Second dimension: grain flavors
iStill whisky has the most grain flavors, followed by Jim Beam. The MacAllan lacks here, because it does not ferment on the grain, does not distill on the grain, and uses relatively short fermentation times, that hamper flavor development. iStill delivers more grain flavors than Jim Beam because of a longer fermentation time and the lower total number of distillations, that leads to less flavor dilution.
Third dimension: rooty & nutty flavors
The iStill whisky's back-end flavors benefit from the Maillard Reaction that results from its its unique 1.5 distillation protocol in combination with direct heating and on-the-grain distillation. It delivers a category-shattering record third dimension that is 5x bigger than MacAllen.
The Scottish single malt suffers, not just from a lack of tails smearing, but also from the chill filtration they apply. Chill filtration takes away a lot of the third dimension flavors, but allows the whisky to be bottled at lower strength, thus creating more product. Dilution of flavor and strength to sell more bottles? Doesn't sound very "Rolls-Royce" to us.
The Jim Beam Bourbon, true to its category, and because of the use of bubble-cap trays, has no third dimension. The lack of the heavy hitting rooty and nutty flavors, allow the fruitiness of the Jim Beam, even with a smaller heads smearing, to shine through.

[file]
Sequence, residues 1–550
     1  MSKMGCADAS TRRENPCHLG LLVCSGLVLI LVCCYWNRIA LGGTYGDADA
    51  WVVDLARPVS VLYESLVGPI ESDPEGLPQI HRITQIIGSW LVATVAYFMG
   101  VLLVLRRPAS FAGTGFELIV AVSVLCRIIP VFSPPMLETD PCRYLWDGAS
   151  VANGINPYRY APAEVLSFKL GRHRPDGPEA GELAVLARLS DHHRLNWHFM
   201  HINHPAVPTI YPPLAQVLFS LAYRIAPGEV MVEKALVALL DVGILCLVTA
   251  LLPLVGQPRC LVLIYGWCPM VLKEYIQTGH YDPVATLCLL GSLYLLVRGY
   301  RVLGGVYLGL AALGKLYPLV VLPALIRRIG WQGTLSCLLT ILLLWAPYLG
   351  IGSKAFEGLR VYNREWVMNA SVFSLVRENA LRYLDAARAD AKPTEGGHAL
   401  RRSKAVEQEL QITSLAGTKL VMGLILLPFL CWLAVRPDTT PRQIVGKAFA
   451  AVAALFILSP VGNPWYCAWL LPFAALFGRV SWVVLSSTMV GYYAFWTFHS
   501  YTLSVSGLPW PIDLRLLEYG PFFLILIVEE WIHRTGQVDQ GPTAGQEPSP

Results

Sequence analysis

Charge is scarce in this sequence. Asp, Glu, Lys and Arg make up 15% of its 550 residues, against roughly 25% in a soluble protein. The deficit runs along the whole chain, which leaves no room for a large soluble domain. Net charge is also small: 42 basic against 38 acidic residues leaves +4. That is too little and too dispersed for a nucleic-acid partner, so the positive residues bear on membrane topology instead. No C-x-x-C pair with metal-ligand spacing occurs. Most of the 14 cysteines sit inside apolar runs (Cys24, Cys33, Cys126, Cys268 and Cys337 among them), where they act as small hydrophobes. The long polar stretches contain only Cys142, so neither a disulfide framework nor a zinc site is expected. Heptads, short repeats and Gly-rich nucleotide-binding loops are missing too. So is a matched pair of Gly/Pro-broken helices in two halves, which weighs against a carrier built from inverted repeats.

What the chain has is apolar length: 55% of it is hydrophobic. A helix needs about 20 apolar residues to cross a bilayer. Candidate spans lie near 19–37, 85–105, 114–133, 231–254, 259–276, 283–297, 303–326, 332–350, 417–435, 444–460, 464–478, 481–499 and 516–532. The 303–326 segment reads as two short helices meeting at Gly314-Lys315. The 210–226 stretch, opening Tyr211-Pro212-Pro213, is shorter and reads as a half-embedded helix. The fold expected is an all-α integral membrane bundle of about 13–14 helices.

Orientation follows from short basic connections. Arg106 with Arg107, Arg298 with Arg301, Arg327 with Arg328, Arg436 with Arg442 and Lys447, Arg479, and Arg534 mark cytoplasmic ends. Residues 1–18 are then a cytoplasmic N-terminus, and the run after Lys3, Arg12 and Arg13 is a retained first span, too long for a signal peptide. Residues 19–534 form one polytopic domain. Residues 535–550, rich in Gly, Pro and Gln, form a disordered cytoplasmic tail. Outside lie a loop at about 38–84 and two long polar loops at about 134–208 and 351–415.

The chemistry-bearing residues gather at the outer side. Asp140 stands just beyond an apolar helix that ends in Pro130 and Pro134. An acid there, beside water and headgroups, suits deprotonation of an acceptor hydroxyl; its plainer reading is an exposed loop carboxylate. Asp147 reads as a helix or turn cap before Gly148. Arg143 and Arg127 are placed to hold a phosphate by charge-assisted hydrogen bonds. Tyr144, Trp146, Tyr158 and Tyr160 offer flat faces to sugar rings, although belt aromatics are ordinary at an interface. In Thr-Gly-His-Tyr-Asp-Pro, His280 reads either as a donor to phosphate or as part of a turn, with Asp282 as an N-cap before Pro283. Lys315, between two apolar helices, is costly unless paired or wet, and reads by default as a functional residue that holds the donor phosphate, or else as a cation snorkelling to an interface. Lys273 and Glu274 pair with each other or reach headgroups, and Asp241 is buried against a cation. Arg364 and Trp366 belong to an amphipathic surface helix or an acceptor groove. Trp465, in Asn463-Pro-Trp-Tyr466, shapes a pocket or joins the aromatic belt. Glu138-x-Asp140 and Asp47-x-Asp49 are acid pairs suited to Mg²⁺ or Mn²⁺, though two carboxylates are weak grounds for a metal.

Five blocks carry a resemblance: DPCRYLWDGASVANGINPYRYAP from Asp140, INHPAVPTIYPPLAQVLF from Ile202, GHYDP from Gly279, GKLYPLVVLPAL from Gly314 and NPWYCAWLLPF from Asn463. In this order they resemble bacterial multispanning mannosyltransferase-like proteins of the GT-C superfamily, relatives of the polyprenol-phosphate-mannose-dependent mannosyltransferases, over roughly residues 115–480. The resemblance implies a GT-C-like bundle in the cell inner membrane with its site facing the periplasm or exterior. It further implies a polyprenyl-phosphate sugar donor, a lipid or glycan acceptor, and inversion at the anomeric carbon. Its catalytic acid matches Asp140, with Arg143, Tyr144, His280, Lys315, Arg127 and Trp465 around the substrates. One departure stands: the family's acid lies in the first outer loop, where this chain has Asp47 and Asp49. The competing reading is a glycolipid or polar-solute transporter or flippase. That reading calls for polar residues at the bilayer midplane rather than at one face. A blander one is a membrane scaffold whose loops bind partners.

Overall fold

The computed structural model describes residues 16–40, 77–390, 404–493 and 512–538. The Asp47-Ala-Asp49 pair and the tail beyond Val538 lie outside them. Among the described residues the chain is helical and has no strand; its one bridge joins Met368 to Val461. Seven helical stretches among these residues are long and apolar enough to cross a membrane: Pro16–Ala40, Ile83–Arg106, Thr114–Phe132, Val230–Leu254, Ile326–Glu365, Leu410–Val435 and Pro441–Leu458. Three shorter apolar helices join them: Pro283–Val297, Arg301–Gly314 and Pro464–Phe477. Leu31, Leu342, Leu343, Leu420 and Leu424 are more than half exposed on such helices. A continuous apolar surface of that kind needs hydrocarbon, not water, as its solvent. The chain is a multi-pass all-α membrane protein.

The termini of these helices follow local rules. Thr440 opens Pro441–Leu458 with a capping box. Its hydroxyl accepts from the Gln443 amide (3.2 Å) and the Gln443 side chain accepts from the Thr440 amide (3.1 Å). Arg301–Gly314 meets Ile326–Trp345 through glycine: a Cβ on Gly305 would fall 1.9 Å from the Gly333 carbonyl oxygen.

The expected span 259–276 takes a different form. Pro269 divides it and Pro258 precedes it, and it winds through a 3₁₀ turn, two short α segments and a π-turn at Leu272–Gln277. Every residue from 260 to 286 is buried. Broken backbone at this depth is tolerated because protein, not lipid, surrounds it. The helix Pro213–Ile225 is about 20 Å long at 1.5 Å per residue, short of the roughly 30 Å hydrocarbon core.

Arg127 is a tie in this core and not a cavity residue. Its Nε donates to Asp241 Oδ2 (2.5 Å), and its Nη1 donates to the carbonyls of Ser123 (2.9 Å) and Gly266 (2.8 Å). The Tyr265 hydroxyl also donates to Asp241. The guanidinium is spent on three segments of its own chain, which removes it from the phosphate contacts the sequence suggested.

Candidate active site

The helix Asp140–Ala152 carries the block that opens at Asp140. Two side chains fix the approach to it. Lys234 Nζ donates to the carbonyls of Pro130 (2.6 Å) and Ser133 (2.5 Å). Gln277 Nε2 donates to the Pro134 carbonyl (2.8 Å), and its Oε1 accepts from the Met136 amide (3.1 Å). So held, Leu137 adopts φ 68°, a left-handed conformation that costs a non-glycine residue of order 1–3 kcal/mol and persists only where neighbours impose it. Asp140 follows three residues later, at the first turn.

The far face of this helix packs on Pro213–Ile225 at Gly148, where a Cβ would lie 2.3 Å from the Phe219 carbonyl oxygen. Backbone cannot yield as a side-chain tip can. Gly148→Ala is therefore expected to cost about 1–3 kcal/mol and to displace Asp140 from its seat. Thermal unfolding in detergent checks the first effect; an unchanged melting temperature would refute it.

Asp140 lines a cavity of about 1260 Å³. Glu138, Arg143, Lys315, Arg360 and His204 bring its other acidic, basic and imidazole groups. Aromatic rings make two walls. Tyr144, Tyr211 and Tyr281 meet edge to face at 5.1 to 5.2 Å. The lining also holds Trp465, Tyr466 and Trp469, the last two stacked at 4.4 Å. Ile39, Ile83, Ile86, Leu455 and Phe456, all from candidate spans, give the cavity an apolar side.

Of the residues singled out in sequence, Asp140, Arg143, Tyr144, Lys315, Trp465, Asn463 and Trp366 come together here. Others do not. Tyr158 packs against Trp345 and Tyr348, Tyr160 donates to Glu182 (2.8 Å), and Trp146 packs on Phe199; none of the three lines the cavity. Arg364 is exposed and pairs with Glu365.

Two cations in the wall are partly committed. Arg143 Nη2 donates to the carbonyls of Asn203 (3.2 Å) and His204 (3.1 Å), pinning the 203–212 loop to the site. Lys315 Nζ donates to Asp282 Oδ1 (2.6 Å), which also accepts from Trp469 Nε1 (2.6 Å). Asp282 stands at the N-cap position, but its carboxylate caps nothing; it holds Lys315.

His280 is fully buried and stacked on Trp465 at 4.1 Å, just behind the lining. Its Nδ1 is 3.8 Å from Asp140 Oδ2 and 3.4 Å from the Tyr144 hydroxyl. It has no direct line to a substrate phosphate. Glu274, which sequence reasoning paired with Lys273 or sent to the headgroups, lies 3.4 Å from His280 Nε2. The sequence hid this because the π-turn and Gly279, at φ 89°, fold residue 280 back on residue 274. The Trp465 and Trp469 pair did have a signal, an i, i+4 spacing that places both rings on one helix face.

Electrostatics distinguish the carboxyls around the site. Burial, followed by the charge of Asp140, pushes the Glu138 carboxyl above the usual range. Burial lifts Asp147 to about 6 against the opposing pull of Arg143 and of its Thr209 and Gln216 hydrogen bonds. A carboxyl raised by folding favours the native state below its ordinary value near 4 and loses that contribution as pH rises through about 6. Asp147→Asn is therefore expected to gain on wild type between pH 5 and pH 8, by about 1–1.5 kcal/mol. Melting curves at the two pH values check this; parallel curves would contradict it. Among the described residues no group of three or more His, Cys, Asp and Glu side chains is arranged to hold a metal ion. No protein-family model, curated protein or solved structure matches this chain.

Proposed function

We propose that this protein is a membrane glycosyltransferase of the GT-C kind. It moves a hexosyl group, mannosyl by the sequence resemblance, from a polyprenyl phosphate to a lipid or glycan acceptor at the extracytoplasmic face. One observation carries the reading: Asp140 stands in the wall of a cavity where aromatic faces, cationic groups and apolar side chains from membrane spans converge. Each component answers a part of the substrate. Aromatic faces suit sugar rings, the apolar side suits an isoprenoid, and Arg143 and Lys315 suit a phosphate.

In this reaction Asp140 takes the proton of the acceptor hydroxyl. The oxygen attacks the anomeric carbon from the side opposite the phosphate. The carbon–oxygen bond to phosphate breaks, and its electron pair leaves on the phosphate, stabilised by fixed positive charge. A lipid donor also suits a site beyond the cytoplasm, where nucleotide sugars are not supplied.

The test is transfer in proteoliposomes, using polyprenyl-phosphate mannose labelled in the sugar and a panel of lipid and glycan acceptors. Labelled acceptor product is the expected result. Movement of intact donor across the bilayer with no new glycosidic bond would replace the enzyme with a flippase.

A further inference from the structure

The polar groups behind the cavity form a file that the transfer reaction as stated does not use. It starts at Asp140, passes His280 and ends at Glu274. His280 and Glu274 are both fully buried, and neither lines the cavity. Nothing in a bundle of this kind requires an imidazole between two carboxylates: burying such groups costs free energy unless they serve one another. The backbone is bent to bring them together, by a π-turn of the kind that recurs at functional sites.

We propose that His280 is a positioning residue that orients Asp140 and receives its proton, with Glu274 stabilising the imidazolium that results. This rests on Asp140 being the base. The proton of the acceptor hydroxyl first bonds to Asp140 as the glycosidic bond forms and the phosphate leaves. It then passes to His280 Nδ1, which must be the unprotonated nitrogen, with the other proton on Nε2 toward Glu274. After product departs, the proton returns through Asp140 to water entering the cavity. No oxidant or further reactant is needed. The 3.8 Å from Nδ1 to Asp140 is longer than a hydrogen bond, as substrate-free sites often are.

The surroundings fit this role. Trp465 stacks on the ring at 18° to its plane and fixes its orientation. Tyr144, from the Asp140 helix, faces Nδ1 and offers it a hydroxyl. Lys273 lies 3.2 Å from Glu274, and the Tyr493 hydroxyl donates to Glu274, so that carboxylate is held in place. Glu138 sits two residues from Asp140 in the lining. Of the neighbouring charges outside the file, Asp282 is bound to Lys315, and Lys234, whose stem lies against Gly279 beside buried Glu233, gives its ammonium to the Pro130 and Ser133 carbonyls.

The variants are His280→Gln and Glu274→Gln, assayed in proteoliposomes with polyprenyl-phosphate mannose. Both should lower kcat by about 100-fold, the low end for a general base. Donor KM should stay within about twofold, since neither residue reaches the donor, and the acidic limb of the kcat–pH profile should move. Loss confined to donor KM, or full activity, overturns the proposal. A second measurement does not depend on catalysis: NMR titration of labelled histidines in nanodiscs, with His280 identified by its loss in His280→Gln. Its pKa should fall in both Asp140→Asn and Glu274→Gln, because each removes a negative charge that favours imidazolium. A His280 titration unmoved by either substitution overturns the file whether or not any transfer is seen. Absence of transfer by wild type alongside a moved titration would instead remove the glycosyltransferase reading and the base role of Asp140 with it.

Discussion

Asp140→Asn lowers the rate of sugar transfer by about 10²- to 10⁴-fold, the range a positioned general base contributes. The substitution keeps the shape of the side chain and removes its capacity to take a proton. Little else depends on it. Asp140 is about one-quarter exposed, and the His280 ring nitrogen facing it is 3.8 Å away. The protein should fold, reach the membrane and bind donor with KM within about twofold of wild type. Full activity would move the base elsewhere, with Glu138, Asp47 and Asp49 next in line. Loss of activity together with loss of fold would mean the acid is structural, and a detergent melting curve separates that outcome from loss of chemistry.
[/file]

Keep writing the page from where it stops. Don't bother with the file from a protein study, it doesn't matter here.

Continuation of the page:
The MacAllan 12 y.o. is fully matured. In fact, it might have benefitted from a little more tails smearing and/or less chill filtration. More tails smearing would take advantage of the long maturation period by creating a more interesting single malt whisky. The Jim Beam Bourbon is well-matured, but could benefit from a few additional months or maturation. The iStill whisky is still very young and will only be fully matured at 8 y.o., so in about four years from now. During the next four years, as the iStill whisky matures, more first, second, and third dimension flavors will be created, further extending its already impressive lead in flavor.
The most important question we wanted to answer today, was this one: can whisky made with an iStill outperform Big Alcohol's most sold Bourbon and its most sought after single malt whisky?
Based on the laboratory results, presented above, we can now answer that question with confidence:
The science concludes that iStill produced, craft distilled whisky outperforms the most sold Bourbon and most revered single malt whisky. With just 4 additional years of maturation, the iStill whisky will most probably be the best in the world.
Now, what does that mean for the global whisky industry? We think that it means that, within a decade from now, iStillers will be making the best whiskies in the world. All over the world.
Do you want to learn how to make the best whisky in the world? Reach out to Veronika@iStillmail.com for more information on our courses. Do you want more information on our amazing stills, mashers, and fermenters? The machines that allow for ultimate process and flavor control? Please contact Esther@iStillmail.com. Do you want us to analyse your vodka, whisky, or rum, and come back with advise? Please order our laboratory services with Robert@iStillmail.com.
Backing it up with science ...